OF-1 is Ole Fixer 1 bath.
OF-1 is Ole Fixer 1 bath.
600 ml water
220 g Sodium thiosulfate pentahydrate
30 g Sodium sulfite anhydrous
40 g ammonium chloride
20 ml Sodium metaborate 10% solution
OR 5 g Sodium bicarbonate
Water to 1 liter.
If it smells at all, use less alkali next time.
I mix this using four cups (the cup that's in the sodium thiosulfate sack) of one, a couple of spoons of this and that, and a goodly splash of the fourth - or a spoonful of the other. It's not critical. The amounts in the recipe were found by weighing my lumps, cups and splashes!
Which ingredient is the alkali ?
Can ordinary Sodium Thiosulfate be used in place of Sodium Thiosulfate Pentahydrate ?
If you have arrived at this formula in an informal manner, how do you know that it works, and doesn't give any bad side-effects ?
The last - metaborate or bicarbonate - is the alkali. It's there to make it better buffered againt pH changes.
If by "ordinary Sodium Thiosulfate" you mean the clear rice-grain crystals, that's exactly what the Pentahydrate is commonly known as. I sometimes use anhydrous, but that would only confuse matters.
I arrived at the furmula by sitting down with pencil and paper, and thinking hard for an hour or so. I wanted an easy-to-mix odorless alkaline-to-neutral rapid fixer without using ammonium thiosulfate (I had run out). Sometimes a university degree in chemistry comes in handy.
It works. I've used it for years, for both film and paper, including T-grain emulsions.
There's nothing in it that could give bad side-effects, although I generally recommend not using bicarbonate in combination with an acid stop bath.
Most Excellent - Thanks !!
Since you are a trained chemist, perhaps I could ask you: It seems that most of the Fixer formulas are based on thiosulfate of one kind or another - Sodium Thiosulfate and Ammonium Thiosulfate - with the remaining ingredients acting to stabilize or buffer.
Could something else be used, without sulfur ?
What is it about OF-1, which prevents the smell ? It also contains ammonium chloride, which I would guess, has a rather strong odor too.
The only alternative to thiosulfate is cyanide.
Thiosulfate is FAR safer!
The main odors from rapid fixers are sulfur dioxide from acidic fixers, and ammonia from alkaline fixers. In the middle there is an "odor-less" pH range - not totally odor-free, but with considerably less odor.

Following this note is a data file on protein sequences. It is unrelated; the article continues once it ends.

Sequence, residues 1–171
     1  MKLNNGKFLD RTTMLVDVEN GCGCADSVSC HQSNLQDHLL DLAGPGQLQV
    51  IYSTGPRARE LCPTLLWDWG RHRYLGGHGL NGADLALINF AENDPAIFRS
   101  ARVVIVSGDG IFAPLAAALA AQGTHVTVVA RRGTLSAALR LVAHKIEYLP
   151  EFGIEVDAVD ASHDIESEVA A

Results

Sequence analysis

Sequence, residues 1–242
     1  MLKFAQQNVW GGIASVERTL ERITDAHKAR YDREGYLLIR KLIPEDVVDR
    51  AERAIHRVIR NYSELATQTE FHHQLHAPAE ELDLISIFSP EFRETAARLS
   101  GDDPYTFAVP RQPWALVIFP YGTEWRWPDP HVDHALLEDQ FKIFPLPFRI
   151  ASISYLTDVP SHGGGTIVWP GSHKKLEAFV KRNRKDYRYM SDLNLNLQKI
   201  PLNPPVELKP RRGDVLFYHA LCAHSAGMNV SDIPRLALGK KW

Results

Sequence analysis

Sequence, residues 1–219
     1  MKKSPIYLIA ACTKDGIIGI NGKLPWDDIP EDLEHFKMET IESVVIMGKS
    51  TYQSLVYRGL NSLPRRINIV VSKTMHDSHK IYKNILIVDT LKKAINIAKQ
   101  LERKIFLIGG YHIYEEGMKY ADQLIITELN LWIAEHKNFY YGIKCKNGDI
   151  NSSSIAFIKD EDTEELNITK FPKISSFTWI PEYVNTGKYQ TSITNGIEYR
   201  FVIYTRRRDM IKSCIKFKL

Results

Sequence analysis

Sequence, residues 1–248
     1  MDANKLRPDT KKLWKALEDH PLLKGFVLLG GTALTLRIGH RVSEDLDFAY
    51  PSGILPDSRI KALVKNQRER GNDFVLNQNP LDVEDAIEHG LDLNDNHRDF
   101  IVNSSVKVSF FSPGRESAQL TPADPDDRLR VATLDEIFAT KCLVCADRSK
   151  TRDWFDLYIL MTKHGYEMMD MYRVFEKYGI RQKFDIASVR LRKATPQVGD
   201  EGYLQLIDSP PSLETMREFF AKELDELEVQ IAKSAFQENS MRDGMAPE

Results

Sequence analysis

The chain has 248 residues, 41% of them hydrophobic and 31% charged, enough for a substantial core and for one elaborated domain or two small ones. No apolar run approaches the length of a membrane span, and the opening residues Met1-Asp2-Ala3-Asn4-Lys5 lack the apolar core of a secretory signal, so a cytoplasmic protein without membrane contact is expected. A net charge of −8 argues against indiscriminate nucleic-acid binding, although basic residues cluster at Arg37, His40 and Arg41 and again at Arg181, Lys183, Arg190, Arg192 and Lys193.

I just recently got some Arista Premium odorless fixer from Freestyle. Just now I did what every chemistry teacher says not to, and took a good deep whiff, and it really has almost no smell.
Obligatory flickr page: http://www.flickr.com/photos/drew_saunders/
Very interesting discussion. I'd like to make my own fixer, but I need to keep it as simple as possible, because sourcing raw photo chemicals in Romania is very difficult at best. There are some points I'm not very sure about.
1. I believe that sodium thiosulfate does all the fixing job, right? So theoretically I could just use sodium thiosulfate and water, and nothing more, and still get a well working fixer. Is this correct? Will it work just as well as a commercial fixer?
2. If I use only sodium thiosulfate and water, the lifespan of the fixer will be very short. It's understandable. But how short? One week? One day? Less than one day? Will it at least work for the entire duration of a printing session (meaning five or six hours in an open tray)?
3. Sodium thiosulfate is slower than ammonium thiosulfate used in commercial rapid fixers, so I'd need longer fixing times. How long?
4. Is there any other preserver besides sodium sulfite that will work just as well? I'd like something widely available, something that can also be used for other purposes besides photography (so it can be easily found in supermarkets or drugstores), because sodium sulfite is almost impossible to find locally.
5. What does the ammonium chloride do? Is it an accelerator?
I'd expect the fixer to stink if you added ammonium compounds. How come it doesn't?
6. What's the purpose of using the alkali? OK, it prevents pH changes, but why is it so important to prevent pH changes? Won't the fixer work just as well regardless of whether it's acidic, alkaline, or neutral?